Trying to discover the truth behind what causes men’s hair loss? Along the way, you’ll probably run into several myths. For instance: “You’ll go bald if your mother’s father went bald” (or some variation) is commonly uttered in mixed company. There’s some logic to this claim, because the X chromosome (which comes from the mother) does carry the androgen receptor gene—a gene implicated in male pattern baldness. But here are three reasons to doubt it:
- The gene in question is just as likely to be inherited from the maternal grandmother as the maternal grandfather. (Was grandma bald?)
- Many other genes are associated with hair loss. These genes come from both mom and dad.
- Genetics aren’t the only cause of hair loss.
What Is Male Pattern Baldness?Male pattern baldness is the most common type of hair loss in men. How common? Put a hundred 50-year-old men in a room and, on average, 50 of them will be losing their hair in predictable patterns. This type of hair loss, called androgenetic alopecia, doesn’t only affect males. It also affects about 55 percent of females over the age of 80. Here, we’ll be covering male pattern hair loss (not female pattern hair loss), though the causes and remedies largely overlap. It’s easy to spot the signs of male pattern baldness with two defining features:
- an M-shaped balding pattern on the front of the head
- baldness on the crown
What Causes Hair Loss in Men?Men’s hair loss doesn’t have one cause, but several. Here are the top four.
1. GeneticsResearchers believe that most cases of male pattern baldness can be traced back to the activity of certain genes. The genes that “go wrong,” if you will, are the genes governing the actions of androgens. Androgens, such as testosterone and dihydrotestosterone, play an important role in hair growth. Recall the androgen receptor gene from earlier. This gene, as the name suggests, makes androgen receptors that attach to your hair follicles. When this gene stops working properly, hair growth stops working properly too. Specifically, androgen receptors govern the extent to which dihydrotestosterone (DHT) stimulates your hair follicles. Too much stimulation from this testosterone derivative equates to accelerated baldness. If your head isn’t spinning yet, just wait for this next one. In a 2015 paper, researchers identified 29 (yes, 29) genetic mutations linked to hair loss! Needless to say, we’re a long way from fully understanding the genetic underpinnings of baldness.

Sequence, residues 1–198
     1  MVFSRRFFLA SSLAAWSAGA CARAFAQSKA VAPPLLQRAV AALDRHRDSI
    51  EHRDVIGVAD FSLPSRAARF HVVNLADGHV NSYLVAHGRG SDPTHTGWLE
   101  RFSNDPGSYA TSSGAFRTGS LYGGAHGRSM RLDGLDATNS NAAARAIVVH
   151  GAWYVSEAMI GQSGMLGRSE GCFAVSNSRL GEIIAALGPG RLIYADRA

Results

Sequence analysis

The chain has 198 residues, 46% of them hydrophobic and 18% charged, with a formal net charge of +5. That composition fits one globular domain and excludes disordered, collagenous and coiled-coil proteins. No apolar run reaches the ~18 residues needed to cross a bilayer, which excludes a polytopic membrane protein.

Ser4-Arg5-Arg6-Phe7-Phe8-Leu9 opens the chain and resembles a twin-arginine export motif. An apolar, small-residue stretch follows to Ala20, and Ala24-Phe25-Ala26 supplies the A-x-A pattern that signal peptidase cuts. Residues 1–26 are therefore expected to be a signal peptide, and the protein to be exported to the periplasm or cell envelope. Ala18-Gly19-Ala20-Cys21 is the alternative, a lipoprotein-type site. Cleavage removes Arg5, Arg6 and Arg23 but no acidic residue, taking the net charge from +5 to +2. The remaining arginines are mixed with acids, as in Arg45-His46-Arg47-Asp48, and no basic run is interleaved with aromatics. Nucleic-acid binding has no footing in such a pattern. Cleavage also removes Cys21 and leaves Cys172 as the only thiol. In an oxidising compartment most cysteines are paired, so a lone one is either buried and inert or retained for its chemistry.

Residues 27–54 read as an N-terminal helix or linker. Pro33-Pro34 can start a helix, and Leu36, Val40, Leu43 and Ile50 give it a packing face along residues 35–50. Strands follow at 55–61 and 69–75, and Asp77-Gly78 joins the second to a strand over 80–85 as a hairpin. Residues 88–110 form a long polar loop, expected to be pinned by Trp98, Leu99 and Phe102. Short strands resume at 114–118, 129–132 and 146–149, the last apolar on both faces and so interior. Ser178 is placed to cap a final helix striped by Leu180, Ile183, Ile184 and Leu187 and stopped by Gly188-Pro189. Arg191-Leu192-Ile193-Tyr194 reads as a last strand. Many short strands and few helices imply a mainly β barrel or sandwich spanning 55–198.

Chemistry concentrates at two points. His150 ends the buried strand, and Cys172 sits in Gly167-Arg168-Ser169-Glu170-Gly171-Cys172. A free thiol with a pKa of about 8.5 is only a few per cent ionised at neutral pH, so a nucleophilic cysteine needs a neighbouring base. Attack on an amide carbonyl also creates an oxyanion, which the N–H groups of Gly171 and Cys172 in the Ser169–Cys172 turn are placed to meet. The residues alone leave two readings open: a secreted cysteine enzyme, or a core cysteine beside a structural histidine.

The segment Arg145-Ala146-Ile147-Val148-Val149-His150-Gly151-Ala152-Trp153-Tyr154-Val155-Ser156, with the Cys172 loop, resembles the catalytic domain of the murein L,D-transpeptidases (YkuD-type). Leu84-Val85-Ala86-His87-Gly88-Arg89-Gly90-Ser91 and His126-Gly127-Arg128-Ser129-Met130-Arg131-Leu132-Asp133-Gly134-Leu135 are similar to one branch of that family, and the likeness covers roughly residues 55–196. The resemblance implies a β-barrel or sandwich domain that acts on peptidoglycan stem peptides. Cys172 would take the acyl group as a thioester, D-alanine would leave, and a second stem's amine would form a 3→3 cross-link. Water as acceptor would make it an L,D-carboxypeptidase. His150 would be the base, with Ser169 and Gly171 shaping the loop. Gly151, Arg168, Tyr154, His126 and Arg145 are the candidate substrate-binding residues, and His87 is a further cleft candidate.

2. Hormonal ImbalancesTestosterone is the primary male sex hormone, known for lending virility and strength. Is it true what they say—that baldness is a sure sign of high testosterone? It’s a controversial topic. For instance, a 2018 study on 239 Chinese men found that those with male pattern baldness had higher free testosterone levels. But another study on 373 German men found “no associations between sex hormones and hair loss in men from the general population.” It would seem, based on that last result, that baldness isn’t a reliable indicator of high testosterone. If it were, you’d see the correlation everywhere you looked. That said, the other hair loss hormones to watch include: